Pope Francis celebrates an open-air mass in the Manger Square, next to the Nativity Church, in the West Bank city of Bethlehem on May 25, 2014 (photo credit: Sliman Khader/Flash90)

And perhaps most perplexing — why did Francis, on a visit that was supposed to focus on intra-Christian reconciliation and pilgrimage, allow himself to become a “commodity” used by both sides to push their own narratives? “It sometimes seemed to me that, to Israelis and Palestinians, Pope Francis was less a person — and less a spiritual leader — than a rare marketing opportunity,” lamented Murray Watson, cofounder of the Center for Jewish-Catholic-Muslim learning at Ontario’s Western University, “to be carefully manipulated and exploited for maximum effect — to attain the best, most memorable and most useful photo ops.

“One sometimes had the impression that the pope’s main value in coming was to be a source of useful sound bites and images, to be a tool of the propaganda machinery that suggested that, if the pope had kind words for ‘the Other,’ then he couldn’t really care about Us,” Watson add–ed.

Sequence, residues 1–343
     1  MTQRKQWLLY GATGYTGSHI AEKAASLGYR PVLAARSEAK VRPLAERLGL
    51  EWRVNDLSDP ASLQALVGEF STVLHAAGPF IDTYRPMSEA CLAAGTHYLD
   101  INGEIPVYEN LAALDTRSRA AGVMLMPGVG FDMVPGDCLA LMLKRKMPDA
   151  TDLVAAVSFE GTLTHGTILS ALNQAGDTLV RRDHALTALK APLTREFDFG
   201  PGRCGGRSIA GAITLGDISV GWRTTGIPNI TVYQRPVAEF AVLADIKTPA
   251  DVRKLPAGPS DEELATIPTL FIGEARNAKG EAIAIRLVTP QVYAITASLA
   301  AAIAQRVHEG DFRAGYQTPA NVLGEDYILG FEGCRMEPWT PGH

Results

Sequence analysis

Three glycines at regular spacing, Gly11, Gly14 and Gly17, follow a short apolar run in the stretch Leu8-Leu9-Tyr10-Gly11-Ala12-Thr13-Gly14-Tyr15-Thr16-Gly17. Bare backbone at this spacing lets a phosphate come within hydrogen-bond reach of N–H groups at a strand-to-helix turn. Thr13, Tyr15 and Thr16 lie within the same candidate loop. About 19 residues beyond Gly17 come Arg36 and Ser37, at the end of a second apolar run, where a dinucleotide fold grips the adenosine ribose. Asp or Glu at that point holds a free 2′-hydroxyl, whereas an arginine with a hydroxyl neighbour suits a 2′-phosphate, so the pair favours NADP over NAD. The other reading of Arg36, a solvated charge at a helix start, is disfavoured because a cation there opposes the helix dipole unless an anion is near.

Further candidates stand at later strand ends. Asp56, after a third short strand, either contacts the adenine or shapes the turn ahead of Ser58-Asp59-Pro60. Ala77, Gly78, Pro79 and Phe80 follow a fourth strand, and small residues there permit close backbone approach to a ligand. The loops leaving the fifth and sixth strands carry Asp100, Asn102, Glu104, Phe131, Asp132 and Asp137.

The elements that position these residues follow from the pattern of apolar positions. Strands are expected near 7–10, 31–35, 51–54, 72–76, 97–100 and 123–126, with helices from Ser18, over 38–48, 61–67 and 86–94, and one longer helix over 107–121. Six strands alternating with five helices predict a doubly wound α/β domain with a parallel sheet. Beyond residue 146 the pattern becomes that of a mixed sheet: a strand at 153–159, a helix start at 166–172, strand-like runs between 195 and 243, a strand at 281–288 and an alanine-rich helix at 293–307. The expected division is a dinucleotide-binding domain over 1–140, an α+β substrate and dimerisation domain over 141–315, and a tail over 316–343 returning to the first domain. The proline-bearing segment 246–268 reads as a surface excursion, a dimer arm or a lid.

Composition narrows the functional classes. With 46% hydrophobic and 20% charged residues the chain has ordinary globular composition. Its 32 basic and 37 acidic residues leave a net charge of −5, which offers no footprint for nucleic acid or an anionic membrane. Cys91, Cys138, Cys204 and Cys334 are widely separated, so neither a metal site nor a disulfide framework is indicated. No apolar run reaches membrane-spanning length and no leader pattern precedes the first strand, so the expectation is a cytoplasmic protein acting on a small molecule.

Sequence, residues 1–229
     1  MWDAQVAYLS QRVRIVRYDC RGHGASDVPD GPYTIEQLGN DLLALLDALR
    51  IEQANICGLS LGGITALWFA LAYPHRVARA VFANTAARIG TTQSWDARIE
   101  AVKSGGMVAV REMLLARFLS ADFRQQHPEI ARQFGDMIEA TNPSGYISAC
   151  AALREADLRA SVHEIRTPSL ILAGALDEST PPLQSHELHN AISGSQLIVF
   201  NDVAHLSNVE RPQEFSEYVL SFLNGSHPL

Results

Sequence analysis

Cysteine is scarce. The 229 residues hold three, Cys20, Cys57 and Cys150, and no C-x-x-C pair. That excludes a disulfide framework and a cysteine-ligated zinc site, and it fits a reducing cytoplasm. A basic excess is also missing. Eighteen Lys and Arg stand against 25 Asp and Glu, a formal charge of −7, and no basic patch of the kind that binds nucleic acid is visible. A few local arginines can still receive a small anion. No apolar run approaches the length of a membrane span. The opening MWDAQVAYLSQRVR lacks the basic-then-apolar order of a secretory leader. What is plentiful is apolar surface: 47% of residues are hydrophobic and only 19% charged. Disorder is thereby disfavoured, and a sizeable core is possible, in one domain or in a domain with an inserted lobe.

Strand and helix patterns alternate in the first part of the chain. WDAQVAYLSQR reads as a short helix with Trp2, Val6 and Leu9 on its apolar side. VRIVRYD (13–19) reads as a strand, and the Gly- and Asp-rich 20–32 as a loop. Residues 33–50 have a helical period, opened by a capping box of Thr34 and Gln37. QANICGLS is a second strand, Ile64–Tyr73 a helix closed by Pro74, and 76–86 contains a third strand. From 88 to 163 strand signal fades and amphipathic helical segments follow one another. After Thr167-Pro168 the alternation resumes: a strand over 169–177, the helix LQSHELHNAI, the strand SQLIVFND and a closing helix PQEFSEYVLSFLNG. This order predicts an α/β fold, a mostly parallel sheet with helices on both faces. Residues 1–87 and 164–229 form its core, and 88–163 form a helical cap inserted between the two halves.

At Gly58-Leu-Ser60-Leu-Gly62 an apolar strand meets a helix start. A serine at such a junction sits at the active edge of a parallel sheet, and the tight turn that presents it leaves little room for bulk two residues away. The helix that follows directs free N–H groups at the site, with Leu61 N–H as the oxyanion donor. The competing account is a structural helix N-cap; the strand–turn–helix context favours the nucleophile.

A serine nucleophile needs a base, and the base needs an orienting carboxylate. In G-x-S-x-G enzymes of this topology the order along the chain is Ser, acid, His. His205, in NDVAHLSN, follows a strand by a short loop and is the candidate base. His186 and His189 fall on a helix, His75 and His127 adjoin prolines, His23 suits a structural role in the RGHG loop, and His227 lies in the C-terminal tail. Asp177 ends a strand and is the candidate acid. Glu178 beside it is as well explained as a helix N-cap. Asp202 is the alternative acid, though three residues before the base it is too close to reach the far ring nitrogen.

But didn’t Francis put himself in that position by including purely political sites in his itinerary in the first place? Not to mention adding in last-minute stops at the security wall and terror victims’ memorial, places that will inevitably be interpreted as political victories.

So what message was Francis trying to convey? Were the aspects of the trip that confounded — and in many cases upset — observers simply blunders, or were they part of a carefully crafted message by a uniquely insightful leader, designed to defy expectations and conventions?

Those who interpret the trip as evidence that Francis, for all his gifts, can be naïve in his messaging wouldn’t be the first to make that claim. The pope has enjoyed an extremely warm relationship with the media, enjoying positive coverage from a press corps that has been more prone in recent years to focus on scandals at the Vatican. But his statements that have played so well in newspapers have fallen flat at times in his own flock. In September 2013, Francis insinuated that Catholics’ focus on abortion, gay marriage, and other social teachings was locking the Church up in “small-minded rules.” The press loved it, and even began to wonder if he would alter the Church’s position on these issues (he won’t).